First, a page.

Readers of the cancer blog I kept before I needed to add grief to the mix -- No defeat baby, no surrender -- may recall my response to Bill Keller's NYT op-ed about Lisa Boncheck Adams, a cancer patient who chronicled her experience online via blog posts and tweets. I was astounded at his need to judge this person who, in my view, was living as authentically as any of us could wish.
I am devastated that she is no longer living. However, her authenticity, her words, and her determination remain in the world and with us.
This particular post of hers really resonates with me. Authenticity, indeed. And no judgment on anyone who, facing his or her own death, has needs that differ slightly or partly or wildly from what she says she needs. It's the authenticity and honesty that count.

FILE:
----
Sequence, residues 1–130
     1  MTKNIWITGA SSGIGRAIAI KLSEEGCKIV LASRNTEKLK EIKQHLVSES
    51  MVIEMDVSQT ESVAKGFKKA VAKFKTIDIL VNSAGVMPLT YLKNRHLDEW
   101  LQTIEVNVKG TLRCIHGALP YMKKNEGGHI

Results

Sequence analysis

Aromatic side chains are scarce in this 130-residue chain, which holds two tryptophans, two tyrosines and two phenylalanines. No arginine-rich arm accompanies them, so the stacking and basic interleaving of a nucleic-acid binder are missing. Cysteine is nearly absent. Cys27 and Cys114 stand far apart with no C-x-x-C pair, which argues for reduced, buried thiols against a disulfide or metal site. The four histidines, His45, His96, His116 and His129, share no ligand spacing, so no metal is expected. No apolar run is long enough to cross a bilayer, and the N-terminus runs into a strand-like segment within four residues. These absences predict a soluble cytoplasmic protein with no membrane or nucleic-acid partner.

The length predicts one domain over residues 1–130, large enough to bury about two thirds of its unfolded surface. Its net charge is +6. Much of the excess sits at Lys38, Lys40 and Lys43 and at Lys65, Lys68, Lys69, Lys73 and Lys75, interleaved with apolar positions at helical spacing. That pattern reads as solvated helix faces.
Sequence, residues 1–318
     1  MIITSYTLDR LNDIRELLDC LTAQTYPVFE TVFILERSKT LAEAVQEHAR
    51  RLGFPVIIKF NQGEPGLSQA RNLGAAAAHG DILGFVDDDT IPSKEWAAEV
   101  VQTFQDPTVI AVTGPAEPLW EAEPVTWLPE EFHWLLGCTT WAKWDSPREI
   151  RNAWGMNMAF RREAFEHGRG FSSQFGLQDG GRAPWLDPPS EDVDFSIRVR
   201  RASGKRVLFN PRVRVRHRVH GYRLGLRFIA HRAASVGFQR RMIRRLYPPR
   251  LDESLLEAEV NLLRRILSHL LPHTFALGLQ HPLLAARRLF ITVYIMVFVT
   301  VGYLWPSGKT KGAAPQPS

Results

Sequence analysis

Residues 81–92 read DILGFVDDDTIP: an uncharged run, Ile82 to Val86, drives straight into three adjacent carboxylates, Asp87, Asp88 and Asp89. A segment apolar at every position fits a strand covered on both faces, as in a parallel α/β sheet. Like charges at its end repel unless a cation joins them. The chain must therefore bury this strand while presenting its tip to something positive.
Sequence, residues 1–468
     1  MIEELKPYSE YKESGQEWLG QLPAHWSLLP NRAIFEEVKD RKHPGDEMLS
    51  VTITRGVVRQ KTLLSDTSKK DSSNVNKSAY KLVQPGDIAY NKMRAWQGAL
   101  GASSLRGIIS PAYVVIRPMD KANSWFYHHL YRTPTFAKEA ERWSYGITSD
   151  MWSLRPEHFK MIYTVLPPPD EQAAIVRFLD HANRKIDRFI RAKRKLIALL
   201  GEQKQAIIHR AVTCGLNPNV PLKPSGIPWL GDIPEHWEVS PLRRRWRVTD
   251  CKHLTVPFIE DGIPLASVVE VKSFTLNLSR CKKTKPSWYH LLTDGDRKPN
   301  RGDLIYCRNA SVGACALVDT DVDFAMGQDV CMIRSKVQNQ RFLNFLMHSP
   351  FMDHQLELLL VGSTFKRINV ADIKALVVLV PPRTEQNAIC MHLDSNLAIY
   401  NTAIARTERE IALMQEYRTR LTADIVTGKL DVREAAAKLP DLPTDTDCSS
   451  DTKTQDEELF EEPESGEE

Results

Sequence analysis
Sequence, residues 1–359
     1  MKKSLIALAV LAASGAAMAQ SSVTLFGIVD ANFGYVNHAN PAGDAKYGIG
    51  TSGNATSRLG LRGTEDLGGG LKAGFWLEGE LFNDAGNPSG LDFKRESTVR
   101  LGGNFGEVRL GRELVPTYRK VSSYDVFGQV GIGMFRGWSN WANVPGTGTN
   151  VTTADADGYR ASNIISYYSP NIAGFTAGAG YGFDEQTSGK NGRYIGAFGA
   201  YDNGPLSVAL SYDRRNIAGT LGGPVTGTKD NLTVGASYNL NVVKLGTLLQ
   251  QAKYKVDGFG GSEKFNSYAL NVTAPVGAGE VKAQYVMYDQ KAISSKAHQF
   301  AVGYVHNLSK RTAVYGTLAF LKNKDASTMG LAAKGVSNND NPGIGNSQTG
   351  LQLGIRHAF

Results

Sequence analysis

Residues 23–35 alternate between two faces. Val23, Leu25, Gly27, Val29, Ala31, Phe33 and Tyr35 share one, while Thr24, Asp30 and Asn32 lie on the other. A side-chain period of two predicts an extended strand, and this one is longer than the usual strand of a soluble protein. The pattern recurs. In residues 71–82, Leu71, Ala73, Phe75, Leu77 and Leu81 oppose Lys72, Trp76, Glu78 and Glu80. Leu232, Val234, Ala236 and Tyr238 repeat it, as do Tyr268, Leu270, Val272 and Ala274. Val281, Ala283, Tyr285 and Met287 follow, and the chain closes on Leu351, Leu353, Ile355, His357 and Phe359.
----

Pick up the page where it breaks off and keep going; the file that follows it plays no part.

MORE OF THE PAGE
We all have the ability to think about how we want to be spoken of and remembered when we are no longer living. Maybe, like Lisa, we will take the opportunity to define it for ourselves and express it to others. It may not be easy to do, especially if we feel we are a long, long way from departing this earth. But it is worth considering.